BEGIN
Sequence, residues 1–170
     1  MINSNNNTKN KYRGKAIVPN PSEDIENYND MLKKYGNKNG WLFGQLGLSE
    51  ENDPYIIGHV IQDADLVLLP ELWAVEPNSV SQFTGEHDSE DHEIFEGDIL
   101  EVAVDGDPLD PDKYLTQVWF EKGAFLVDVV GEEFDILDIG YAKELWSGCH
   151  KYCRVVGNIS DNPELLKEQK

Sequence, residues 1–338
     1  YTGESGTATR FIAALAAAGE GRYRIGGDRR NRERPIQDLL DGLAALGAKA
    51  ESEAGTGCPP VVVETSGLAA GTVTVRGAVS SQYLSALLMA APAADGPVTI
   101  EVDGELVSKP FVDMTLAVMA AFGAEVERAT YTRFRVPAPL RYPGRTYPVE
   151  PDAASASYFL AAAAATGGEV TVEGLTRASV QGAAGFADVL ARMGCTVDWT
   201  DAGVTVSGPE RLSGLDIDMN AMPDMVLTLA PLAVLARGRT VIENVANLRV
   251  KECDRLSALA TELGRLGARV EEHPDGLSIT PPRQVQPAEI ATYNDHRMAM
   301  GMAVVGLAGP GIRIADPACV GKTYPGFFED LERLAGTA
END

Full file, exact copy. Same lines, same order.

Sequence, residues 1–170
     1  MINSNNNTKN KYRGKAIVPN PSEDIENYND MLKKYGNKNG WLFGQLGLSE
    51  ENDPYIIGHV IQDADLVLLP ELWAVEPNSV SQFTGEHDSE DHEIFEGDIL
   101  EVAVDGDPLD PDKYLTQVWF EKGAFLVDVV GEEFDILDIG YAKELWSGCH
   151  KYCRVVGNIS DNPELLKEQK

Sequence, residues 1–338
     1  YTGESGTATR FIAALAAAGE GRYRIGGDRR NRERPIQDLL DGLAALGAKA
    51  ESEAGTGCPP VVVETSGLAA GTVTVRGAVS SQYLSALLMA APAADGPVTI
   101  EVDGELVSKP FVDMTLAVMA AFGAEVERAT YTRFRVPAPL RYPGRTYPVE
   151  PDAASASYFL AAAAATGGEV TVEGLTRASV QGAAGFADVL ARMGCTVDWT
   201  DAGVTVSGPE RLSGLDIDMN AMPDMVLTLA PLAVLARGRT VIENVANLRV
   251  KECDRLSALA TELGRLGARV EEHPDGLSIT PPRQVQPAEI ATYNDHRMAM
   301  GMAVVGLAGP GIRIADPACV GKTYPGFFED LERLAGTA